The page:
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Jim Harlan

I'm responding specifically to the statement, "In addition, colleges want to have wealthy alumni, and if the financial return to IQ rises because of the increased complexity and sophistication of the economy, high IQ students become increasingly attractive as future alumni and therefore potential donors."

I have a non-supported position, i.e., lack of facts just opinion, that high-IQ graduates, for the most part, are less likely to have school spirit while in school that translates to a lack of interest in donating as an alum. If the goal is for the school to graduate quality students who donate after graduation, then the objective should include attracting socially-minded students, e.g., those who get into school spirit, etc., who are also able to meet the college admission requirements.

Specifically, when a school such as the University of Texas at Austin has a guaranteed admission for the top 10% of public school students, I'd be curious to see data between a correlation of those students and those who donate post-graduation. Sure they may have higher-IQs, maybe, or maybe they just worked harder or went to an easier school.

Regardless, interesting read.

Rod TheBod

"Even though the greater selectivity of the top colleges increases the earnings of their graduates, and so, prima facie, their contribution to aggregate economic welfare..."

I'm wondering about this. GDP growth hasn't been all that great through these years of ever more exclusive college admissions. Maybe the elites and their Janissary corp have learned to watch out for themselves instead of practicing a little more noblesse oblige.

Terry Bennett

I think Jim Harlan is onto something. When my law school asks me for money, I scratch my head and wonder why apparently intelligent people would expect me to contribute to the betterment of my competition.

Education has been democratized by technology - first the mass production of textbooks, and now the Internet. Maybe at some very top end post-doctoral program you can still benefit from mentoring by some guy who knows more than anybody else, but knowledge is for the most part available for the taking. There are probably free A-bomb instructions on a website somewhere. Maybe in 1890, one would have had to enroll at the U. of Chicago to get the knowledge locked away in the heads of our hosts, but today every law school can and does use Judge Posner's work, and I'm sure Dr. Becker's work is similarly ubiquitous in Economics curricula worldwide.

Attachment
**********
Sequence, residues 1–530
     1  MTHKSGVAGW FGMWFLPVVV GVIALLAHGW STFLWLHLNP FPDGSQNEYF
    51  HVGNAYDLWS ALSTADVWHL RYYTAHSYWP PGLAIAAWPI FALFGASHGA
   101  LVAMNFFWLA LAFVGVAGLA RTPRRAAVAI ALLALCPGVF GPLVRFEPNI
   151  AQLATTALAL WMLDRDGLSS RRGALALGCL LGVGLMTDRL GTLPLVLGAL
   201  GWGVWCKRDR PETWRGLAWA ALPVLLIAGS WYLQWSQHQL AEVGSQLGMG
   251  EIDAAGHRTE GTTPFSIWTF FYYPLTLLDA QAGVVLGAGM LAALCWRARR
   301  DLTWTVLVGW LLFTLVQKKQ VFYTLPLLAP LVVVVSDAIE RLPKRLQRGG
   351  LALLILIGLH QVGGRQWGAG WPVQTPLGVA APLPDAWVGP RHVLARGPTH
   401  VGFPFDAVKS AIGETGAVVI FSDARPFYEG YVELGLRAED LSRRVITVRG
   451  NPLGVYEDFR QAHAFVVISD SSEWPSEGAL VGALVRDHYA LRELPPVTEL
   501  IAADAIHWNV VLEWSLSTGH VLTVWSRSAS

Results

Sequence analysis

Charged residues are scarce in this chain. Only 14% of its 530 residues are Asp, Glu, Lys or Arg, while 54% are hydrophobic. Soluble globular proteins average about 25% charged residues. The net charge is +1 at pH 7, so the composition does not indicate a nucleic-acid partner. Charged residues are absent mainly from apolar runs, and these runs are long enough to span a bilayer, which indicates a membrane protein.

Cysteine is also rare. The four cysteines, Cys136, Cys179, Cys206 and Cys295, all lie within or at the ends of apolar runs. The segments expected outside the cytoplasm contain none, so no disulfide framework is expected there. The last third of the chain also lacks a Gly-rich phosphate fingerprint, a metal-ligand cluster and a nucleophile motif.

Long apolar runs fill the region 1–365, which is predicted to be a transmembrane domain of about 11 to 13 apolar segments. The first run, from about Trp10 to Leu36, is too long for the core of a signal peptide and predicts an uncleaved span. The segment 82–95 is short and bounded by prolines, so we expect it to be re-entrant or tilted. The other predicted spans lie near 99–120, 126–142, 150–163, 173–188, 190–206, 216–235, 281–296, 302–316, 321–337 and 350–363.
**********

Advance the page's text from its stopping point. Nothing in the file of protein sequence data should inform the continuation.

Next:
I therefore see higher education as a three-tiered system. There are a few incompetent schools. There are a few schools so prestigious that they are worth the name recognition and networking. And there is an enormous middle, of schools where the education is available just like a top school, or at least 99% of it. Apart from that upper tip of knowledge, education is a commodity, and I advise everyone to buy it as cheaply as you can. Want to be a doctor? Get an AA at a community college, with straight A's. See if they have an online co-op with a 4-year school as my local 2-year college does. Get your bachelor's, get A's, smoke the MCAT, and get in a medical program somewhere. Graduate, pass the license exam, and be a doctor. You have minimized your student debt. What you haven't done is bought yourself the name degree that gets you recognized immediately as elite.

In my first year of law school, a classmate told me her fiance was planning on getting a law degree starting the next year, but was considering a school other than ours because we were ranked 58th I think, and he had been accepted at the school then ranked 54th. This stratification is entirely artificial, even imaginary. There is NO difference between these two schools. My advice for the confused fiance was to go to the one school where his fiancee was available to him, and where presumably he would be able to rank higher due to the weaker competition and offset the lesser prestige of our school on his resume.

If you can get into a top school - and I only mean a very, very top school - your classmates will be many of the movers and shakers of the next generation, whether by virtue of their family's status or their own merit or both. Being able to phone your Senator and call him by his first name is bound to pay dividends at some point during a career. Second, a resume that says Harvard instantly identifies you as smart, rightly or wrongly. Having graduated may not be so impressive, but having gotten accepted definitely is. It shows you competed, and you accomplished. For these two reasons I believe the very top schools are worth the extra money. In 2013, I don't think the putatively higher quality of education amounts to a hill of beans.

Wally Hendricks